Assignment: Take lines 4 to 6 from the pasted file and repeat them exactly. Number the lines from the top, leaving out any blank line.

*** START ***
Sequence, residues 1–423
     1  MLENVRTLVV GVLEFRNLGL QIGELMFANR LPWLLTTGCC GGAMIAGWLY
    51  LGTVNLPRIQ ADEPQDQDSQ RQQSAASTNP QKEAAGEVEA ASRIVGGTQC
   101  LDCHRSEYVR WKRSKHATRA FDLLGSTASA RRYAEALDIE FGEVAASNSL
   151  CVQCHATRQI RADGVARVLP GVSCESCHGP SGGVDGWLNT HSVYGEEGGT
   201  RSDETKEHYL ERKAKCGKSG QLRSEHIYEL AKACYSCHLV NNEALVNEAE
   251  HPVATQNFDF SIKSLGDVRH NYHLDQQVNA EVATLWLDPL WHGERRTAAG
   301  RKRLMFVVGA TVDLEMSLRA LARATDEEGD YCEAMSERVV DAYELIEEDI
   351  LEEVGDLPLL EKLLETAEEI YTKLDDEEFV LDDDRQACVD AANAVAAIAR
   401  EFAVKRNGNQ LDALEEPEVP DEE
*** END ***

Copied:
   101  LDCHRSEYVR WKRSKHATRA FDLLGSTASA RRYAEALDIE FGEVAASNSL
   151  CVQCHATRQI RADGVARVLP GVSCESCHGP SGGVDGWLNT HSVYGEEGGT
   201  RSDETKEHYL ERKAKCGKSG QLRSEHIYEL AKACYSCHLV NNEALVNEAE